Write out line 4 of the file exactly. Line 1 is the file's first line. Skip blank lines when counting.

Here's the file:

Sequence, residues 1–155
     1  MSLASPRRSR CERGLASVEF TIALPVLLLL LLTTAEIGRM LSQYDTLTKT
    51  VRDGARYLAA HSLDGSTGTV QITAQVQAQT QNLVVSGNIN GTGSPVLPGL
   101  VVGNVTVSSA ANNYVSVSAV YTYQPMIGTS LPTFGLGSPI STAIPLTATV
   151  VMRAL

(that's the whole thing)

   101  VVGNVTVSSA ANNYVSVSAV YTYQPMIGTS LPTFGLGSPI STAIPLTATV